Senator Lena Gonzalez Introduces Bill to Support California Street Food Vendors
February 10, 2022
Bill aims to modernize the California Retail Food Code to address the complex permit challenges faced by sidewalk food vendors
Sacramento, Calif. – On February 10, 2022 Senator Lena A. Gonzalez (D-Long Beach) introduced Senate Bill 972 to help support California’s street food vendors by removing barriers to accessing food vending permits. The bill would help reduce unpermitted vending, protect public health, and create a more equitable economy for women, low-income individuals and people of color who form a major part of the industry and contribute to the State’s economy as micro-businesses.
“Today I am proud to announce the introduction of my bill SB 972 that will help support street food vendors,” said Senator Lena Gonzalez (D-Long Beach). “Street food vendors are woven into the culturally diverse and culinary fabric of California. These workers, however, lack access to the permitting they need to be able to work and provide for their families. This is due to policies in the California Retail Food Code that make it difficult for them to enter local permitting systems. SB 972 will remove those barriers and at the same time uphold public health and safety standards to protect consumers. I am excited to move this legislation forward this year and look forward to working with my colleagues to ensure we provide a more just, accessible pathway to economic stability for California street food vendors.”
“I am proud to support Senator Lena Gonzalez and her SB 972 that would modernize the California Retail Food Code so that sidewalk vendors are able to meet achievable, fair, and practical licensing, public health, and safety standards,” said Insurance Commissioner Ricardo Lara, a bill co-sponsor. “This measure will build on the ‘Safe Sidewalk Vending Act’ law that I authored in 2018, creating more opportunities to support these hard-working micro-business owners so that they can continue to provide for their families and be part of a just, fair, and inclusive economy as our state gets back on track during this pandemic.”
"Every day, thousands of street food vendors across California venture out to create jobs by feeding their communities,” said Rudy Espinoza, Executive Director, Inclusive Action for the City, on behalf of the California Street Vendors Campaign. “Despite the broad support many street food vendors enjoy from the public, too many lack the resources to pay for the expensive permits and equipment that the California Retail Food Code requires. It is now time to make sure that our Retail Food Code acknowledges street vendors as members of our community and an important part of our local economies by creating a feasible pathway for them to join our public health system."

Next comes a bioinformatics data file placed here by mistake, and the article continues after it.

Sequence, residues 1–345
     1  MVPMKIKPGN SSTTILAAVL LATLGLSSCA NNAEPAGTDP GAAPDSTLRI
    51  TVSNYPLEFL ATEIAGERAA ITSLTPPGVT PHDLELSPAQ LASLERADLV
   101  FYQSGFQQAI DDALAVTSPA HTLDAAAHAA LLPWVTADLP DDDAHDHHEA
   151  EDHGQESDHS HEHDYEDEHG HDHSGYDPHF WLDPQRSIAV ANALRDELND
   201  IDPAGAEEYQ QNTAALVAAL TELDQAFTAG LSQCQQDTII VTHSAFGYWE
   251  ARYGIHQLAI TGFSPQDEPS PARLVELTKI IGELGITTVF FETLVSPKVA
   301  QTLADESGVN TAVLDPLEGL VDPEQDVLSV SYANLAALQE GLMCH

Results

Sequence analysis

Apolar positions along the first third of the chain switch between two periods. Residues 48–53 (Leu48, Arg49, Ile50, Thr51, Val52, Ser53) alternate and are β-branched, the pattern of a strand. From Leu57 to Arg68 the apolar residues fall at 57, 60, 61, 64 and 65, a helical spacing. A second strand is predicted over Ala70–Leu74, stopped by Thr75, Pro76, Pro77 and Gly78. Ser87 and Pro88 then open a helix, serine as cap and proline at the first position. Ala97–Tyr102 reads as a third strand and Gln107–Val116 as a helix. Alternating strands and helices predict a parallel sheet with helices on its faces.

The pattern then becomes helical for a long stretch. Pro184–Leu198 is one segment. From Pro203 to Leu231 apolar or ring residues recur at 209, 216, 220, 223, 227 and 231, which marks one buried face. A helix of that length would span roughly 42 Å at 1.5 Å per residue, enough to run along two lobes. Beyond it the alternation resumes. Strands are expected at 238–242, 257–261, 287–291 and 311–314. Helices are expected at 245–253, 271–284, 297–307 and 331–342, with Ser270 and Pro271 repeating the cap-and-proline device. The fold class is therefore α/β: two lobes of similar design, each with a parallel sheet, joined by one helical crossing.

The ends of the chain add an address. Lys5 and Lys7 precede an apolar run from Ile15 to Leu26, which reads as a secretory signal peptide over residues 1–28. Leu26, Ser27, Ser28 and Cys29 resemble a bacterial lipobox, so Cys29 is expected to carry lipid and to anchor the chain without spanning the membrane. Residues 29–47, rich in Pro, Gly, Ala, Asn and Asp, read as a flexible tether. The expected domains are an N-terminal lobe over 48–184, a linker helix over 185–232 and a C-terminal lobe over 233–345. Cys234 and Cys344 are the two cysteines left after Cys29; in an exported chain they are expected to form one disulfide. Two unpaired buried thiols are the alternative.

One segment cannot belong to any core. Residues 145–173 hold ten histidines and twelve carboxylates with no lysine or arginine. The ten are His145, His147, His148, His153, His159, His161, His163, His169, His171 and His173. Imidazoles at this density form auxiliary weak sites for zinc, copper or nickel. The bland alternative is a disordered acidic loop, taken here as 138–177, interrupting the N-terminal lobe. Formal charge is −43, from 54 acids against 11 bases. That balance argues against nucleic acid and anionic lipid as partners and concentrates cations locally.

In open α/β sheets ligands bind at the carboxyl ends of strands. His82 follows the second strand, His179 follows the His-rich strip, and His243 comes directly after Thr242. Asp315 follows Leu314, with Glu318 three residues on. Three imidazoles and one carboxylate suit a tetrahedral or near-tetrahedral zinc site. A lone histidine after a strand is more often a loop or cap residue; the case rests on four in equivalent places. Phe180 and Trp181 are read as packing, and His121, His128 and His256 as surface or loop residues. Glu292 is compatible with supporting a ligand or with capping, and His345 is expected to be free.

Senator Gonzalez represents the 33rd Senate District, which includes the City of Long Beach and portions of South Los Angeles and Southeast Los Angeles including the cities of Bell, Bell Gardens, Cudahy, Huntington Park, Lakewood, Lynwood, Maywood, Paramount, Signal Hill, and South Gate. Senator Gonzalez lives in Long Beach with her husband Adam and three sons.
As the leader of the California Department of Insurance, Commissioner Lara oversees the largest insurance market in the United States and the fourth largest insurance market in the world. Since taking office in January 2019, he has acted to protect California consumers, fight climate change, and expand access to health care for all – while preserving a competitive insurance market. He authored the Safe Sidewalk Vending Act (SB 946, Chapter 459, Statutes of 2018) as a member of the California State Senate.
The California Street Vendors Campaign is a coalition of street vendors, community-based organizations, elected officials and activists advocating for street vendor rights and their inclusion through the modernization of the California Retail Food Code. The steering committee is composed of Community Power Collective (CPC), Coalition for Humane Immigrant Rights of Los Angeles (CHIRLA), Inclusive Action for the City, Public Counsel, and the Western Center on Law & Poverty. While many cities have legalized vending, the hurdles to securing permits make it nearly impossible for food vendors to operate legally. Modernizing the Code would provide a safe and legal opportunity for food vending today and into the future.